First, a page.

The time I told my girlfriend she could concede. Then she beat me.

As someone who plays games in a variety of settings, something that comes up often is the relationship between winning the game and having fun. While in a perfect world, everyone would have fun all the time when gaming, whether they won or not, sadly, reality sneaks in and finds you in a game you know you’ve lost but isn’t even halfway over yet.  I’ve been in a game of Dominion where my opponent had taken a path to drawing his entire deck each turn and in doing so, would make sure to attack me with multiple cards. Or the game of Race for the Galaxy where my opponent had multiple six cost developments working in tandem while I was still struggling to get my consume x2 VPs engine going. In either case, I see no issue with stopping a two player game when its clear who the victor is going to be.

Well, I’ve been on both sides of these games plenty of times and so in a game of Dominion recently where I was trouncing my girlfriend, G, I told her that she could concede if she wanted to. Here’s that story:

Game: Dominion

Cards: Transmute, Vineyard, Apothecary, Scrying Pool, Courtyard, MenagerieSteward, Coppersmith, Smithy, Fairgrounds

Pregame thoughts:

So there are three important things to notice about this set in my estimation:

  1. There are no split buys
  2. There are no split actions
  3. There are no five cost cards

These three things make me assume that it’ll be a generally boring game, especially since the steward allows you to clear out your estates and coppers fairly early on. Then it just becomes a race to golds and from there a race to five provinces right? The alchemy cards are relatively weak without any extra buys, which makes the cards I’d focus on be the Steward, Silver, Smithy, and Gold (in that order).

The Game Itself:

We both buy Stewards on our first turn, while I buy a Silver, she buys a Smithy. We both begin cleaning out our decks and while I buy almost nothing but currency, she buys, well, everything. A Potion here, a Menagerie or two there and suddenly I’m buying my first Provence while she has no Golds. I’ve had a couple of nice draws (turns where I had exactly 6 while she kept getting stuck at 5) and I’m buying my second Provence when she decides to grab a Transmute even though she Stewarded away two Estates already. In short: things look grim and she’s already mentioned more than once that she screwed this one up.

I don’t disagree. Instead as I buy my third Province I sheepishly tell her that she can concede if she wants to. She won’t hear it. We’re both a bit stubborn, but this is the sort of situation I worry about when trying to bring someone into gaming. If they weren’t a big boardgame person before and they have enough bad experiences, then they don’t want to play anymore. So even though G is mildly obsessed with Dominion, I worry about the 6-2 beatdown I feel is coming.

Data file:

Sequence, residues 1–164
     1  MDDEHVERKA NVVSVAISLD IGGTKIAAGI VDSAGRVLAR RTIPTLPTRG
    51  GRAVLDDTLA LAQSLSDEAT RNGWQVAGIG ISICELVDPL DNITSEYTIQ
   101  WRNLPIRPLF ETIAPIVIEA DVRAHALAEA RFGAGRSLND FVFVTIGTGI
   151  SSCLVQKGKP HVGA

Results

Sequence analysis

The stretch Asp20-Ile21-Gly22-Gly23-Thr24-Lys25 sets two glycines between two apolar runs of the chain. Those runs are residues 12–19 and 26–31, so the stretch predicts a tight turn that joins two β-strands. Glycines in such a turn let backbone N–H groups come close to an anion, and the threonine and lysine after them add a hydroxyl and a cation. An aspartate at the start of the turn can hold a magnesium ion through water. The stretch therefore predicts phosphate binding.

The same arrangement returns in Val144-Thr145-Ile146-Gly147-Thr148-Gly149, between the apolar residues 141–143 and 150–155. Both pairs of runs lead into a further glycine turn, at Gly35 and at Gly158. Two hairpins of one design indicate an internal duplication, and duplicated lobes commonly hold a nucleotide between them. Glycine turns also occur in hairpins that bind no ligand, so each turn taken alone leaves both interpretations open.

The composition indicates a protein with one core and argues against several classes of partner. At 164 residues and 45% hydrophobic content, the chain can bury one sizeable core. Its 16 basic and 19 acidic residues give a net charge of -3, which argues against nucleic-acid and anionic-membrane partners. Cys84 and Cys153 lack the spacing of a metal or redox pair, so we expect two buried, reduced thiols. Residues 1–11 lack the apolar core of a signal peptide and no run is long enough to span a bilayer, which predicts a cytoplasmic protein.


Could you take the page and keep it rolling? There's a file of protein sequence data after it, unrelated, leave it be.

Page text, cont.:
But it never comes. She hits the Transmute/Estate and then a Transmute/Vineyard. I start getting 5 instead of 6 and foolishly buy a Coppersmith rather than a Smithy (honestly, an incredibly dumb move that I have no real reasoning on what I was thinking. I think I had two hands of Gold, Silver, Copper, Copper, Provence in a row and rather than just grabbing the Gold I thought maybe I’d grab a Fairgrounds later). She buys her first Provence and her second Provence in consecutive turns. She buys her third on her next reshuffle. My Golds that had been paired together earlier in the game now made sure never to be in the same hand, and with my 1 Smithy and one courtyard I found myself getting a Duchy “just in case.” She’s meanwhile grabbed an Apothecary that hits three Coppers and Transmutes a Transmute into a Duchy. She buys a Fairgrounds for good measure but by the time I get my fourth Provence its too late, she has me by a Duchy and a Fairgrounds and I’m left trying to go back a few moves to see how on earth that just happened. Final score: G 31 – Josh 28

The Post Mortem:

I don’t have the suckerpunch feeling that might happen if this was in a tournament, but afterwards the general feeling I have is just confusion. How did that happen? G, meanwhile, is doing a little wiggle of a happy dance in triumph. Overconfidence can bite you, and that’s the only explanation I have. Rather than buying that third Provence, when things were looking so good, I should’ve bought another Gold. Rather than taking the Steward’s +$2 later on, I should’ve trashed the Estate and Copper in my hand to grab another Silver. Rather than seeing the mess of cards in G’s deck, I should’ve realized that those Menageries she bought early would be hitting a lot more often now that she had diversified.